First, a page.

That is by no means an exhaustive list (making one would be an impossible undertaking) - just a list of "boutique" builders whose pedals have enriched my musical life. Most are based in the US - many in midwestern or midsouthern locations away from centers either of music or technology - a handful are Canadian, and Norway and Indonesia are represented.

Some of the builders have made pedal-world household names of themselves; I had to research to find the individuals behind some of the other brands, because they let the pedals speak for themselves.

I don't know for sure, but suspect that some are essentially one-man operations. Others range from a couple of partners to a few employees - and up to maybe 50 for the larger producers in the group. Some have arguably become well enough known and diverse enough in product offerings to have outgrown the boutique mystique. (Wampler, Keeley, and Strymon are nearly institutions.)

Most started as a guy (or two) with an idea and a soldering iron, and little formal electronics education; a few were built by better-trained idea guys with great ears, and couple came into the pedal business with enough prior technical and business experience to almost ensure great pedals and market presence.

But in every case, ideas are the energy these builders run on, their reason for being. I suppose it's always been the case, but it remains fascinating to me that a handful of people can accomplish so much - and that, especially in a niche technical market, one or two people with a great idea and either the expertise to develop it - or the willingness and energy to learn - can stand side-by-side with the big boys, and even show them the way.

In this market, among this group of builders (and others I failed to mention), Jamie Stillman's Earthquaker Devices is a perfect case study - and a real success story.

A native of rust-belted Akron, OH, guitarist and punk record-label impresario Jamie came into pedalbuilding out of a fascination born when he took apart and ultimately repaired his broken DOD distortion pedal. He found he had a knack for analyzing and "whispering" circuits, started hanging out and soaking up the available smarts in online pedal-builder forums, and schooled himself with hands-on experimentation. His first "commercial" product was the Hoof Fuzz (an updated/improved Big Muff), which he first sold casually online. Kinda "put it out there and see what happens."

What happened was that it went over well enough that he had to hire a guy or two to help solder them together, working out of his basement. The Hoof became a fully commercial product in 2007. Jamie had more ideas, and produced more designs, learning at every step. Eventually nine people were working out of that basement, making hundreds of pedals a week.

At that point, Jamie's wife Julie Robbins left her job in banking to help out on the business and administrative end. In 2011, they moved to an industrial building in Akron, and in 2015 refurbished another building there, where the company of "over 50" people (30-some are listed on the website) now produces at least thousands (I'm guessing) of pedals of over 40 varieties every year.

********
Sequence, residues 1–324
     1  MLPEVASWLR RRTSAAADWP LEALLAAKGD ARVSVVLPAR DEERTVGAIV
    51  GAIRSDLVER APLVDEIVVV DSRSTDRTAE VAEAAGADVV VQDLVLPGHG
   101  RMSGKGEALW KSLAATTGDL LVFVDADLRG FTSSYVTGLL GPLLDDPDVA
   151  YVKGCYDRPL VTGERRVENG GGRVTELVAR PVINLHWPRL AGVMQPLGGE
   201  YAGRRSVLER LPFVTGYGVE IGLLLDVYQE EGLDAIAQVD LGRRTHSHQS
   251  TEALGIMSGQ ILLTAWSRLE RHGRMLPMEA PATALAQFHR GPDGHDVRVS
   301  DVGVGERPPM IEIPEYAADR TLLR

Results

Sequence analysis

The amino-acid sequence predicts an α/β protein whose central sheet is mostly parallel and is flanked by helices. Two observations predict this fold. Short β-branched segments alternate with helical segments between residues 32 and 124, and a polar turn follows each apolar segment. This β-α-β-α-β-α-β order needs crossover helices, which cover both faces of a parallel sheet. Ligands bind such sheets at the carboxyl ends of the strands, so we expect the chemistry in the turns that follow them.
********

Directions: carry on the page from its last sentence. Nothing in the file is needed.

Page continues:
In purely local terms, this makes EQD quite a success story - maybe a model - for industrial rust-belt redevelopment. It keeps a lot of otherwise wayward misfits off the street while re-imaginining economy-of-scale heavy industry as bespoke, boutique light manufacturing. (Red Panda is accomplishing something of the same order in Detroit.) The city of Akron is well aware of - and proud of - EQD; their annual Earthquaker Day of live music has become a major local event.

It also puts EQD in an interesting niche in the pedal industry. It's no longer a boutique startup, and the company spreads considerable volume over one of the more extensive product lines in the segment. But it's not yet a giant of the Boss-EHX sort. Does it compare in scale to Keeley or Wampler? That's kinda my impression - but I don't know that for sure.

In my take, EQD has distinguished itself in the market by developing at least one (and usually several) top-tier and distinctive pedals of every major type - while (like EHX) offering something a bit over-the-top and unexpected in each one AND innovating at least a couple of pedals the likes of which we'd never heard before. The Hoof fuzz early on became a mainstay of pedalboards everywhere; the Rainbow Machine pitch-shifting wacko thickening delay caught the attention of weird-seekers; the Dispatch Master was an early combination delay-reverb that remains a popular utility go-to and ambient machine.

The essential character of an Earthquaker device is a combination of stellar sound quality (both engaged and out-of-chain), ample utilitarian functionality (with a couple of fabulous exceptions), some really creative and unexpected variations(s) on the theme, excellent pedalboard citizenship (top-mounted jacks, a housing more compact than you'd expect for the functionality on offer), mighty handsome graphic design (with a distinctive font and fine typography), and excellent value for the dollar.